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Zeek Within Your Environment – Deployment and Set Up

Friday 5th June 2020

Zeek Within Your Environment – Deployment and Set Up

As a precursor to part two of this blog ‘Utilising Zeek for Effective Context Enhancement Within Your Azure Sentinel Instance‘, two senior members of the Satisnet SOC Team, JJ Brown and Jawad Malik, wanted to go through our Zeek instance, and the road in which this was deployed and set up within our environment.

Zeek Within Your Environment

There’s often a drive towards hardening and increasing visibility of the endpoint and perimeter levels during security monitoring implementations. However, from a security monitoring perspective, this can leave you with a gap in context between these two points when in more developed estates.

We may assume that our perimeter is secure, being protected by the latest and greatest next-gen firewall, or other perimeter security solution, but nothing is infallible.

For example, something may have been missed by your perimeter – perhaps a configuration error in your policies or emerging threat intel on even previously benign events becoming potential threat actors. Or maybe malicious activity on the endpoint has occurred, requiring the identification of lateral or east-west communications that has been missed by your firewall.

These scenarios, although basic, are standard problems for your analysts, who will struggle to provide an effective determination without the full picture.

NetFlow solutions, such as Zeek, can help by providing such a level of context to the analyst, at both an incident triage and response level, and by giving a view into the connection on multiple layers of the OSI model.

Setting Up Zeek

The beauty of Zeek is that it works on most modern, Unix-based systems and requires no custom hardware. It can be downloaded in either a pre-built binary package or via source code forms. Let’s take a case study look at how Zeek can be set up to combat the first scenario we mentioned.

For our environment, we used Ubuntu 18.04 LTS, hosted on a Windows 10 Pro Hyper-V VM, with the following systems specs:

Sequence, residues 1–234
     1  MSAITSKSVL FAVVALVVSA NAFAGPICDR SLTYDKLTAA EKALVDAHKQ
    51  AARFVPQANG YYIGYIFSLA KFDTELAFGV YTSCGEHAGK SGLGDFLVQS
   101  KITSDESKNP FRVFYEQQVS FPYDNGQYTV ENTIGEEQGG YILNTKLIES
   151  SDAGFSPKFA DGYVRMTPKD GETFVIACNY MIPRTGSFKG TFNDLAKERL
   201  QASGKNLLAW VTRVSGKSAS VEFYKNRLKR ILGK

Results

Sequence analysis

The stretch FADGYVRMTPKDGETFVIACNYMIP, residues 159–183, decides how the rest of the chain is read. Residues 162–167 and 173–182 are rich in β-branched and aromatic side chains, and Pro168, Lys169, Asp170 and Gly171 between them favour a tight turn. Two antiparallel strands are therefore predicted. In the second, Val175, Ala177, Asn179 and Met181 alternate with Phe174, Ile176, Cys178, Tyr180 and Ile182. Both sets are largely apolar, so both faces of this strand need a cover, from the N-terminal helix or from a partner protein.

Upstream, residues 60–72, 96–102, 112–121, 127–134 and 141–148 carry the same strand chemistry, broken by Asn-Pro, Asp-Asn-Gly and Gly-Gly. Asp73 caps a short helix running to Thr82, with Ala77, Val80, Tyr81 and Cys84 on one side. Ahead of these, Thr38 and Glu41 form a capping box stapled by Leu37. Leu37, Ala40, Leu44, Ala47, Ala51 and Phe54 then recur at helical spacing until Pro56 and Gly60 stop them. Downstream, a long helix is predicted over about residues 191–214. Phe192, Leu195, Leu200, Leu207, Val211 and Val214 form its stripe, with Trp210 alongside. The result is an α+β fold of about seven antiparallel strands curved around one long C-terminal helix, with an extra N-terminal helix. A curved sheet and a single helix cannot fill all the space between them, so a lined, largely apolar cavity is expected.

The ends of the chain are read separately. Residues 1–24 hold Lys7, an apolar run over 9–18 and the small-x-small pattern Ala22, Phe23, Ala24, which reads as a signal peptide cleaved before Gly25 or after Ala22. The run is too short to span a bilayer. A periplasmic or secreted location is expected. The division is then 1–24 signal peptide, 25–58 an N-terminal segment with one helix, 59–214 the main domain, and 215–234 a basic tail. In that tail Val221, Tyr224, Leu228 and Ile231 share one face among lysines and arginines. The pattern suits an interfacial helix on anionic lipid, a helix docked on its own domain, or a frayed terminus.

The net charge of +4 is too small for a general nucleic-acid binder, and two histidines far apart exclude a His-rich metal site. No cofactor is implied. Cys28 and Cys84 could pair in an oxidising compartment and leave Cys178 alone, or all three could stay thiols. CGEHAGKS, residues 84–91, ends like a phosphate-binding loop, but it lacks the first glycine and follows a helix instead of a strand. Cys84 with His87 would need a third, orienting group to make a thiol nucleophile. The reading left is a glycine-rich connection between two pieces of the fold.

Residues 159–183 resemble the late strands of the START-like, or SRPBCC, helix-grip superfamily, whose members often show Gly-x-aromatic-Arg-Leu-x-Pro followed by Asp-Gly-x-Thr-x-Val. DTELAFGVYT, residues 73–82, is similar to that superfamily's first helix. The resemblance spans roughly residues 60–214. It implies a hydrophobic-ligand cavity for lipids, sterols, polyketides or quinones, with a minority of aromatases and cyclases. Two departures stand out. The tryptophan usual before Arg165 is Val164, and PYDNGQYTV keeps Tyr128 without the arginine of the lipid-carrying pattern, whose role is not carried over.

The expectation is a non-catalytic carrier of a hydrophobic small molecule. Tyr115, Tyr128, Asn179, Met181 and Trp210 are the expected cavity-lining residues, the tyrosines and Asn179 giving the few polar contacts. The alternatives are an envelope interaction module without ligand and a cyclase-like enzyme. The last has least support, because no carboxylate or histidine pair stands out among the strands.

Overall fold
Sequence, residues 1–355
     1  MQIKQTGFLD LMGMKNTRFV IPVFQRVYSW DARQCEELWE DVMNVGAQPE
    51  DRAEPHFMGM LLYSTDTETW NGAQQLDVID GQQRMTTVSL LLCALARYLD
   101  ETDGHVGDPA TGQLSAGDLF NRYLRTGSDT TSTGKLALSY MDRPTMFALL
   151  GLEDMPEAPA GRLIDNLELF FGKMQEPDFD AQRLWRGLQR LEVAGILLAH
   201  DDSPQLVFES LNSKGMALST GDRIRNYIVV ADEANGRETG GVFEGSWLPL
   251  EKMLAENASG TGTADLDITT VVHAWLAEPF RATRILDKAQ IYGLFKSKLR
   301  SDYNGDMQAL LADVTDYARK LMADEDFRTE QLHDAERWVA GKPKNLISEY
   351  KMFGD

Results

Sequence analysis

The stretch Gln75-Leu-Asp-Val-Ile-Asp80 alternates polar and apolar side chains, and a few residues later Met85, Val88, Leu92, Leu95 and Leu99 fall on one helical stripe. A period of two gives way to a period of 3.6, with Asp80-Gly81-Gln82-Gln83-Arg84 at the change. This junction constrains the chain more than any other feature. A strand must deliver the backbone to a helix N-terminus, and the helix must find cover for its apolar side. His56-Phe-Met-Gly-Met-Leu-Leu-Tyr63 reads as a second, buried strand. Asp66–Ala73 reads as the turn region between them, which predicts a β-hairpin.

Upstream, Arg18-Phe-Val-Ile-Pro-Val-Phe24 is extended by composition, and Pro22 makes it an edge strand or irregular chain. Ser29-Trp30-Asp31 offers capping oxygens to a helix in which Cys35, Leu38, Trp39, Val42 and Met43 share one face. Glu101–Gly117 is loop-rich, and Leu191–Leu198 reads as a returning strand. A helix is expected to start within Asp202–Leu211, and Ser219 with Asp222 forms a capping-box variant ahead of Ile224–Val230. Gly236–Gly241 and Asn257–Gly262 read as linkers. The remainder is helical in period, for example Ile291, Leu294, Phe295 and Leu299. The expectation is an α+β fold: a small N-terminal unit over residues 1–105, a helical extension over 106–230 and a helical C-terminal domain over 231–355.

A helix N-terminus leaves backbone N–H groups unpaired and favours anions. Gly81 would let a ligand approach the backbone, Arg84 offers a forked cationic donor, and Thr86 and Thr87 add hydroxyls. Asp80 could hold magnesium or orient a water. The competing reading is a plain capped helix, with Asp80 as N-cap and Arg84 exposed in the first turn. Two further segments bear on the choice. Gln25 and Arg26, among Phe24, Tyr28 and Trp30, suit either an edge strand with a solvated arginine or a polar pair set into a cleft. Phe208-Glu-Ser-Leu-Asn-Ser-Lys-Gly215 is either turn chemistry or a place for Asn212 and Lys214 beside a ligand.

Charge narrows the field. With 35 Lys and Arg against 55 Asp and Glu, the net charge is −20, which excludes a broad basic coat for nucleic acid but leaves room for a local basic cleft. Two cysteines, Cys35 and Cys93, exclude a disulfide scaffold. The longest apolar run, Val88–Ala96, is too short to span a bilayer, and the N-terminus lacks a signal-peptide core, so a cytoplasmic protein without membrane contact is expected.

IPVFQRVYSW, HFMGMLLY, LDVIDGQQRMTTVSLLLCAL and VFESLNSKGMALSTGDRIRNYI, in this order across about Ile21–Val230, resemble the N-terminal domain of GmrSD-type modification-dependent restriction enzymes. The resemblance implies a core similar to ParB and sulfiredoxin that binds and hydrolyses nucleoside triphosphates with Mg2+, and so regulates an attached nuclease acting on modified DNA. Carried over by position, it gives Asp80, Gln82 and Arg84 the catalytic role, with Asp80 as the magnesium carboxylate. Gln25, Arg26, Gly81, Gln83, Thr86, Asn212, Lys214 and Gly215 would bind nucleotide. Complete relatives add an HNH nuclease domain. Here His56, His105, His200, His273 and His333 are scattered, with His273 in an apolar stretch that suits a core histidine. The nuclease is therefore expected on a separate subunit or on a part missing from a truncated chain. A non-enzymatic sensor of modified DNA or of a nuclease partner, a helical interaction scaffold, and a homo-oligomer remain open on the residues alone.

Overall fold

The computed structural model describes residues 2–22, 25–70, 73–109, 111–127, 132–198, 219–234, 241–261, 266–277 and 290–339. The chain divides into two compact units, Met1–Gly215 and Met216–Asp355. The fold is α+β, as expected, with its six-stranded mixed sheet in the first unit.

OS: Ubuntu 18.04.4 Server (64-bit)
Memory: 16GB
Disk: 500GB
vCPU: 4
NICs: x2

Before you start, we do recommend that you follow the official guide on installing the required dependencies and Zeek (here), as well as the minimal starting configuration for a single Zeek instance (here).

So, let’s begin: Use the following commands for minimal install:

Required Dependencies

sudo apt-get install cmake make gcc g++ flex bison libpcap-dev libssl-dev python-dev swig zlib1g-dev
Download the full zeek source code (here)
git clone –recursive

Install Zeek

cd zeek
./configure
make
sudo make install

Adjust the PATH environment variable to include the path to Zeek’s binaries:
export PATH=/usr/local/zeek/bin:$PATH 

Configuring Zeek

Update the configuration files located under:
/opt/zeek/etc/ 

Make sure to specify the network interface that you want to monitor:
node.cfg

Find the line interface=eth0 and change it to your interface

Specify the private IP range which you want to monitor:
networks.cfg

Find the MailTo line and add your email address:
zeekctl.cfg

Use the following:
sudo /opt/zeek/etc/ install
sudo /opt/zeek/etc/ start 

Outputting Zeek logs to JSON Format 

By default, Zeek will output the logs in the TSV (Tab Separated Values) format. For higher performance and better parsing in the likes of Azure Sentinel, we recommend that you configure Zeek to output the logs in JSON format. See below for how you can do this.

Configure Zeek to output JSON logs, starting with:
sudo /opt/zeek/etc/ stop

Edit /opt/zeek/share/zeek/site/local.zeek and add the following:
@load policy/tuning/json-logs.zeek
sudo /opt/zeek/etc/ deploy 

To confirm the changes:
tail -f /opt/zeek/logs/current/conn.log